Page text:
Three U.S.-based journalists will be selected for 19-day reporting trips in Japan, to be conducted throughout the summer and fall of 2015, in the third year of ICFJ’s “Illuminating Today’s Japan for American Audiences” program. The participating journalists will work with an experienced Japanese interpreter and fixer, and are expected to dig into the economic, social, cultural, environmental and energy-policy challenges facing the country.
Although the world is interconnected as never before, international news coverage is likely at an all-time low. As important as Japan is in the constellation of U.S. relationships abroad, Japan’s appearances in the news reflect neither its global importance nor that of the Japan-U.S. relationship. This program, organized by ICFJ and funded by the United States-Japan Foundation, will help to make independent coverage of neglected issues possible. As a result of this program, American audiences will receive fresh, innovative coverage of topics that highlight Japan.
Participants will be selected based on the quality of story ideas, as the stories should have immediate relevance in the journalists’ own communities. Examples of issues that journalists will explore include business, trade, energy, culture, immigration and climate change. Other key considerations included the journalists’ professional qualifications, level of experience and their media organization’s audience.
PHASE 1: Program Orientation: April 2015
Before the selected journalists travel to Japan to begin reporting, ICFJ program staff, participants and the Japanese fixer and interpreter will convene in a series of web conferences using Google Hangout. These opportunities will acquaint the journalists with one another and the Japanese interpreter-fixer who will assist them during their individual 19-day reporting tours. The Google Hangout sessions will also offer an opportunity to discuss each journalist’s story ideas, suggest ways to fine-tune their approaches, determine their travel schedules, and identify key people to interview. ICFJ program staff assist with travel arrangements, visas and other logistics. Orientation will take place in April 2015.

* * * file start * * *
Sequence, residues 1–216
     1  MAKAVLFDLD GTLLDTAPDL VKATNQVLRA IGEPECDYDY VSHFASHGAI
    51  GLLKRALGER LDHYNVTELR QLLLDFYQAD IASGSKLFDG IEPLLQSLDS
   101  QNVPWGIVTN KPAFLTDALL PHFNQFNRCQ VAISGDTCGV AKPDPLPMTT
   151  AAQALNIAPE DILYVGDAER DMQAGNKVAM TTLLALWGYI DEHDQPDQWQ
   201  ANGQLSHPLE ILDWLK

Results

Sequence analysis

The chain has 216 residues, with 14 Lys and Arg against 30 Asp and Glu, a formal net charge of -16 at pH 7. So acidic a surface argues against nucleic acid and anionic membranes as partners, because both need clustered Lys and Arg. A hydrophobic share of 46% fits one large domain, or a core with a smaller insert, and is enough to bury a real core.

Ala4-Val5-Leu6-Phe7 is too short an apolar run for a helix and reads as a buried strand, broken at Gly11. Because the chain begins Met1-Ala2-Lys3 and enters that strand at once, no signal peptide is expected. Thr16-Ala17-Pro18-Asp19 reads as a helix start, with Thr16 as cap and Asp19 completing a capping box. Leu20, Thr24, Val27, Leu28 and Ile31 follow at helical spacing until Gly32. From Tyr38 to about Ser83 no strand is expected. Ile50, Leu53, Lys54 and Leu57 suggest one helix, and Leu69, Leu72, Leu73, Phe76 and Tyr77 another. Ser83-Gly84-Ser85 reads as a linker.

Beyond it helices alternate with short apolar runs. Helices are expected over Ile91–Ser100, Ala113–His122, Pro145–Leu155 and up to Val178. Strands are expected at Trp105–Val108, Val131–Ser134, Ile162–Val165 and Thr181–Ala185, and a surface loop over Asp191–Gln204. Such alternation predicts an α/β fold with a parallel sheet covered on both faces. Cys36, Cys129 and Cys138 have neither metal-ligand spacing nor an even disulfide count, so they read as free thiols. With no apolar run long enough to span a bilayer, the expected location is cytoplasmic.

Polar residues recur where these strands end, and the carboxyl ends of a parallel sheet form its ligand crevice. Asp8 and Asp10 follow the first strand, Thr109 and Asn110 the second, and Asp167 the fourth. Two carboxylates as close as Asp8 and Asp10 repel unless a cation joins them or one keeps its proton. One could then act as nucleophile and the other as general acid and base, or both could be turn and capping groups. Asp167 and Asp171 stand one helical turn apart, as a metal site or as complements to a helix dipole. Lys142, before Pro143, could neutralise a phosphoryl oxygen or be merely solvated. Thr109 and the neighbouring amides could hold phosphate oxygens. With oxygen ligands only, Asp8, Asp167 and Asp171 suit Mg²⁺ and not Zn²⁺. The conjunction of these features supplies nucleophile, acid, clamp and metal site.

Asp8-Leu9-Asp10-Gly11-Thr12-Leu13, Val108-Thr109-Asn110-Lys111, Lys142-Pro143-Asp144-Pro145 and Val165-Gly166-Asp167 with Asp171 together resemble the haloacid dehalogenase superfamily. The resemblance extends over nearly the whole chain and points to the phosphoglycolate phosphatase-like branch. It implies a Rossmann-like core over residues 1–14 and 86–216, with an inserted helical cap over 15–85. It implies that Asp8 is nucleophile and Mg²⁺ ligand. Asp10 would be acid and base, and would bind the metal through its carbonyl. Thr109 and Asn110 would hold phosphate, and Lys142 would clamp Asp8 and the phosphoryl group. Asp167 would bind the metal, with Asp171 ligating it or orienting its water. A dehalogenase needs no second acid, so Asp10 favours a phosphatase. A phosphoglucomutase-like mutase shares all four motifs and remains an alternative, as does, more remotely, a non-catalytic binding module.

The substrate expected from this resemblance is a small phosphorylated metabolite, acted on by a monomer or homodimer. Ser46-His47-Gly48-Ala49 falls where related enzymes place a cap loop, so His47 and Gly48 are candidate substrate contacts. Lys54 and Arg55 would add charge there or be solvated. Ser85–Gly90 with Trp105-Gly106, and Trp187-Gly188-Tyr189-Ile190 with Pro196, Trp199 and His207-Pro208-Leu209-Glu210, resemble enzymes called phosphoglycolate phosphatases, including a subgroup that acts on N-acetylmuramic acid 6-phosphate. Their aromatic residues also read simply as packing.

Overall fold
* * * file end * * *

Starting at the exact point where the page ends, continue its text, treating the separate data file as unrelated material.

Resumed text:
PHASE 2: Individual Travel and Tours: May – October 2015
After the orientation program, the journalists will depart for their individual 19-day reporting tours over a five-month period accompanied by an experienced Japanese reporter and journalist. Participants will work with the Japanese expert to organize necessary meetings and plan travel around Japan.
PHASE 3: Return and completion of reporting: June – December 2015
After the American journalists return home, they will complete their stories for publication or broadcast. ICFJ will use its own website to promote the stories The individual journalists are expected to publicize their stories via social media and professional connections.